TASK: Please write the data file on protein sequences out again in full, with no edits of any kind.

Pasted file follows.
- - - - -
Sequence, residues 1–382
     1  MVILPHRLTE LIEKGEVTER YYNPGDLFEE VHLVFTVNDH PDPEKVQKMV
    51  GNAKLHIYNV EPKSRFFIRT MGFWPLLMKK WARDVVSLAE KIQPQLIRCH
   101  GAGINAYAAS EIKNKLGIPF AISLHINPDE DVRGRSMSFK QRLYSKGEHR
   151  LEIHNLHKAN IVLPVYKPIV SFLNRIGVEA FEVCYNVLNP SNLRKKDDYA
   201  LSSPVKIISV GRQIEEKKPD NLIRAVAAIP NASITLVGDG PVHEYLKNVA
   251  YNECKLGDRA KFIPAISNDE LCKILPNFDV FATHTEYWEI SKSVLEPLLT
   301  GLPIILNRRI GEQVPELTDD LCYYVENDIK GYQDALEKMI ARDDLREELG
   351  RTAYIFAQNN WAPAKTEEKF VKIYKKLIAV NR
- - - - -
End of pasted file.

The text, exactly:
Sequence, residues 1–382
     1  MVILPHRLTE LIEKGEVTER YYNPGDLFEE VHLVFTVNDH PDPEKVQKMV
    51  GNAKLHIYNV EPKSRFFIRT MGFWPLLMKK WARDVVSLAE KIQPQLIRCH
   101  GAGINAYAAS EIKNKLGIPF AISLHINPDE DVRGRSMSFK QRLYSKGEHR
   151  LEIHNLHKAN IVLPVYKPIV SFLNRIGVEA FEVCYNVLNP SNLRKKDDYA
   201  LSSPVKIISV GRQIEEKKPD NLIRAVAAIP NASITLVGDG PVHEYLKNVA
   251  YNECKLGDRA KFIPAISNDE LCKILPNFDV FATHTEYWEI SKSVLEPLLT
   301  GLPIILNRRI GEQVPELTDD LCYYVENDIK GYQDALEKMI ARDDLREELG
   351  RTAYIFAQNN WAPAKTEEKF VKIYKKLIAV NR